Our technology through the years has been advancing to provide patients with nurses that can manage their care through the telephone and through field visits in their homes. With the recent pandemic that has spread throughout the globe, more than ever the field of nursing doing telehealth has become important.
Through my job as an independent nurse consultant, I am able to provide much needed and sought after medical information to my patients and their family caregivers via telephone and telehealth. In order for me to do this, I must be able to have good communication skills and if I am providing telemedicine a good eye for what may be concerning my patient. In the past few years, telehealth has grown. According to the American Academy of Ambulatory Care Nusring (AACN). “Telehealth practice originally began when registered nurses (RNs) were available to patients by telephone to ensure they had access to health care. The RNs triaged patients to appropriate levels of care. ”
Many people lately since the pandemic occurred ask me what do you do for work? My answer is, as a nurse consultant, I educate and assess my patients about their medications, symptoms, and chronic disease processes. I ensure that they are making follow up appointments with their primary care doctors or their specialist. Together we develop a plan of care that will best suit their current situation. Now I also have injured workers that are seeing their doctors and anxious to get back to work. They sometimes have chronic conditions that through my assessment they may or may not know about. These are the moments when as a nurse consultant, I can educate them, provide best practices, and refer them to their primary care doctor to get the help that they need. As for their injuries, I help them to get the right treatment ordered and coordinate their visits to another specialist that can help them when a referral is needed. My job does not end there though, coordinating light duty work for the,m with their employing agency is another aspect of what I do.
Having a telehealth nurse allows doctors the ability to follow up with patients that are not able to come to the office as frequently by carefully monitoring the medications that they are on after they are reconciled with their pharmacist. It also allows for a team approach in managing their healthcare with their caregiver and the patient to provide autonomy, a willingness to participate, and be involved in their own healthcare.
One important time that my patients benefit from is pre and post-surgery. These are scary times for patients and knowing that they have a nurse to contact them and review their instructions before surgery, plan for their needs after surgery, and contact them afterward, assures them that they can manage their needs while waiting for the follow up with their doctor.
This year with Hurricane Dorian almost hitting Florida, there was preparation to plan ahead for patients especially those that were in need of a special needs shelter due to compromised health. It takes preparation at the beginning of the hurricane season to assess all your patient’s needs and plans for disaster. I usually start this around June 1st right when hurricane season starts so that if one should happen, we are prepared with the patient’s plan of care. Once the warning is issued that we need to prepare, then I contact each one of my patients and put their emergency plan into place. I visit each patient and make certain that they are prepared. Once the danger is over, I follow up with each patient by phone and when it is safe to go out, I will visit them in their homes to ensure that they are safe.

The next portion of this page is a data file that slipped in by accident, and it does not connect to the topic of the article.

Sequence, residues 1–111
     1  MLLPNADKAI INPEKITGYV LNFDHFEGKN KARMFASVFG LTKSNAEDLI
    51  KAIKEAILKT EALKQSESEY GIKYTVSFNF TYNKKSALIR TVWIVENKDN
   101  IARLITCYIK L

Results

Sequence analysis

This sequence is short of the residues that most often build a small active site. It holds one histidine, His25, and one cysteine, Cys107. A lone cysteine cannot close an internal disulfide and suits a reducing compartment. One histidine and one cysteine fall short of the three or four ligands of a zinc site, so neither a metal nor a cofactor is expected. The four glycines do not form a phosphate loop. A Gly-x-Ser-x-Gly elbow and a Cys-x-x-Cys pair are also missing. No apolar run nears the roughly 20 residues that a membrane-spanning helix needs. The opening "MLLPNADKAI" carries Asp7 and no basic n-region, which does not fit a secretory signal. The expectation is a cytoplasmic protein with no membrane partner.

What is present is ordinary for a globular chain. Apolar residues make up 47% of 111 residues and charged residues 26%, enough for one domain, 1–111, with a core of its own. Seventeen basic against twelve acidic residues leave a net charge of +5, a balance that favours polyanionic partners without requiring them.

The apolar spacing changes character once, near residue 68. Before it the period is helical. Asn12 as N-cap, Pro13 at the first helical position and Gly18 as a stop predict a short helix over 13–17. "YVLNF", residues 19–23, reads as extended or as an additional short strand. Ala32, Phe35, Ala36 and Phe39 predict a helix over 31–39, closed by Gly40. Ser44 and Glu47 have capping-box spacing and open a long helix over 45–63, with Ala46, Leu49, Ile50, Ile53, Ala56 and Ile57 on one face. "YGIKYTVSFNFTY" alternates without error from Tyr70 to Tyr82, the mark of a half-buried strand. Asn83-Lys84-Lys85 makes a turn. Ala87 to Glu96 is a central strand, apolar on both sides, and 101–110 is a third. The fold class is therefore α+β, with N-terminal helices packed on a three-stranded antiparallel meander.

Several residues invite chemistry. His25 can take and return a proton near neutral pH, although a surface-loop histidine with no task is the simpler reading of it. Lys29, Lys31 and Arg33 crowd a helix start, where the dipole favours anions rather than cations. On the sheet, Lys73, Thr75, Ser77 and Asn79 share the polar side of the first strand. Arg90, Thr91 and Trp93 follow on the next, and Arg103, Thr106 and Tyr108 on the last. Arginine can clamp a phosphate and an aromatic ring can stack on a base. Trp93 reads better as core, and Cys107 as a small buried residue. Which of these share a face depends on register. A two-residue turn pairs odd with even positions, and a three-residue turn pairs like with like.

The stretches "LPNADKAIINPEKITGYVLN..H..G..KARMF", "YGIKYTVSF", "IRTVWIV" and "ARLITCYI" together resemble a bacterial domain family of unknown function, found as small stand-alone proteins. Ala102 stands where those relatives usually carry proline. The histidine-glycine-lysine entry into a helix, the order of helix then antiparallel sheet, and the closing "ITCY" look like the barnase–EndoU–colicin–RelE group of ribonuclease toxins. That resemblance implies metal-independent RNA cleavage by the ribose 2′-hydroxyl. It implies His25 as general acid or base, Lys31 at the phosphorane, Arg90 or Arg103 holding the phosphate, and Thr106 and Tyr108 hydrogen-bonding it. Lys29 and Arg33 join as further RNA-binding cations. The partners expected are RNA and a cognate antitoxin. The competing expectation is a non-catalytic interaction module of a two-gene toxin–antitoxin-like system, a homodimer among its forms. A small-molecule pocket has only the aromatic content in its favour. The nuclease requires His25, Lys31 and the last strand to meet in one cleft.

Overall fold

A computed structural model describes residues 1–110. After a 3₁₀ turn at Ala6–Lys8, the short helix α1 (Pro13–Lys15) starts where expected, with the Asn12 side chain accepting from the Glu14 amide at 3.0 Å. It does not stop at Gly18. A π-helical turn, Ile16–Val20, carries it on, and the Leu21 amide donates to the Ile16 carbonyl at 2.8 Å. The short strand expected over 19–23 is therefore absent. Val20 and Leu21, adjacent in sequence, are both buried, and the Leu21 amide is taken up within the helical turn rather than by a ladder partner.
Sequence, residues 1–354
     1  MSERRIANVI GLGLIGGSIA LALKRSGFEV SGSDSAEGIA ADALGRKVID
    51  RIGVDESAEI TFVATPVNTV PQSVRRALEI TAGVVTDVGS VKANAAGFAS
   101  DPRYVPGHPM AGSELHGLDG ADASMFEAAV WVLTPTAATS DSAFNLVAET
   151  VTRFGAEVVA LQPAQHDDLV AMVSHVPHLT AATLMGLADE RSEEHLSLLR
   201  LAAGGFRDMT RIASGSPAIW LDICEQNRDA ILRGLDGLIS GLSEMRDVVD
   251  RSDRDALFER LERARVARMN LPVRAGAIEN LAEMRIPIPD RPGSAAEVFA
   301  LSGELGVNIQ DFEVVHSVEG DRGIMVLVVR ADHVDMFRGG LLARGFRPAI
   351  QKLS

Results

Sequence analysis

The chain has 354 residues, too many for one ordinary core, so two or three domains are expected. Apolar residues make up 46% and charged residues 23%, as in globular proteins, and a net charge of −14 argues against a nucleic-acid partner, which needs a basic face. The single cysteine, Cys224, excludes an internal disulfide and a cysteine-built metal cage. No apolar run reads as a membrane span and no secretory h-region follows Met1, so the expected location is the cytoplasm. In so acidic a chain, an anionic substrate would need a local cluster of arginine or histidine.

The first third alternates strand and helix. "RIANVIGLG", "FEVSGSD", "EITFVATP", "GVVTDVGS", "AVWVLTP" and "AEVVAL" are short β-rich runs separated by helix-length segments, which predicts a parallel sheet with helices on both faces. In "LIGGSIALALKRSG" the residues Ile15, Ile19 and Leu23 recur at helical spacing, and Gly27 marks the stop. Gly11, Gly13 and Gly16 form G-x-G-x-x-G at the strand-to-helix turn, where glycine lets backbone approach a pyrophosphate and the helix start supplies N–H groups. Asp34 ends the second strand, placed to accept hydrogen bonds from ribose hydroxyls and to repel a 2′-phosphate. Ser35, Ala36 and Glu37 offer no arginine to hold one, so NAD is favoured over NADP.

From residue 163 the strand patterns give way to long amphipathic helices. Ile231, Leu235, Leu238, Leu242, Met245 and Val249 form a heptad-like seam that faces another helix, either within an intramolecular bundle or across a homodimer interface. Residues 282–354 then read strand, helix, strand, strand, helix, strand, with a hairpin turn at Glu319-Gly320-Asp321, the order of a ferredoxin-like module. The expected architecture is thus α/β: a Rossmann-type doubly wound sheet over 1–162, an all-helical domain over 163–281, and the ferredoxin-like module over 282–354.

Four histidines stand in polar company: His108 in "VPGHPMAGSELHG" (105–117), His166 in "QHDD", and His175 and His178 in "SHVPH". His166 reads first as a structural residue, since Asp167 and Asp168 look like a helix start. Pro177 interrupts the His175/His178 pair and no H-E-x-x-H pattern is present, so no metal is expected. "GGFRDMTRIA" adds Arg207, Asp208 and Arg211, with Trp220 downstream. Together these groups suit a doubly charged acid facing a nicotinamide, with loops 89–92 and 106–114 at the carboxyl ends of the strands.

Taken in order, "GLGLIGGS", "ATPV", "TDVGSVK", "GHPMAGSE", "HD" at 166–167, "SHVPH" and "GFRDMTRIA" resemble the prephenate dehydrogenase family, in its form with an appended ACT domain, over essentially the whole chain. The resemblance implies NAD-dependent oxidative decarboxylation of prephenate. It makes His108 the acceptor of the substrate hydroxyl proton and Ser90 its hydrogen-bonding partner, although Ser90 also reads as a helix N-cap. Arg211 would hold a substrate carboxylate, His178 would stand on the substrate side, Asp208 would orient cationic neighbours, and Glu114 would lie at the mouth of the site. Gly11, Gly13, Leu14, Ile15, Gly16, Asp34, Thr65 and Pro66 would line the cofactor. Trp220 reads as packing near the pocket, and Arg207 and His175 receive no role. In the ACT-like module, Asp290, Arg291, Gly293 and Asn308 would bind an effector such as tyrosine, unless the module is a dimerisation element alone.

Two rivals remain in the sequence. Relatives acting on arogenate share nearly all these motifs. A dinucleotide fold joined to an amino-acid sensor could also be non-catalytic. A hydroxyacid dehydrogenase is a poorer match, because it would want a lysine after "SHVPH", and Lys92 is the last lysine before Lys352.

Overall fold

Most all my patients receive an in-person visit from me at their home or doctor’s office but they also receive phone calls to maintain the communication lines open about their care. Usually, I have flexibility in my schedule to take time off to spend it with my husband and my son or catch up on housework to free up my weekends. However, during this pandemic of COVID-19, my short days have turned into 16 plus hour days almost 6 days a week and somedays 7 ( although I try to not let that 7th day happen). Many ask what happened to your comfortable hours? Well COVID-19 changed that !! My patients are scared, they have more questions, I have more telehealth visits at doctor’s offices with patients because I am not able to go per my contracted client accounts; it is for their protection and mine. So although tiring, I am grateful that I can still provide the care that they need through telehealth.
So today someone dropped off a sign at my door that says they are praying for healthcare heroes and first responders. I am honored to be among the professions that help support our patients at home to keep them safe during this pandemic. Every telehealth visit that I make with each patient has a COVID-19 question and answer session and they know that if they have a question, they can contact me.
So today, find a healthcare worker and honor them with a kind word of encouragement. We are here working for the health of our country.
This is the sign that was left on our front yard today( Pardon the garden we were going to start planting flowers in it until COVID-19…times are too busy for gardening)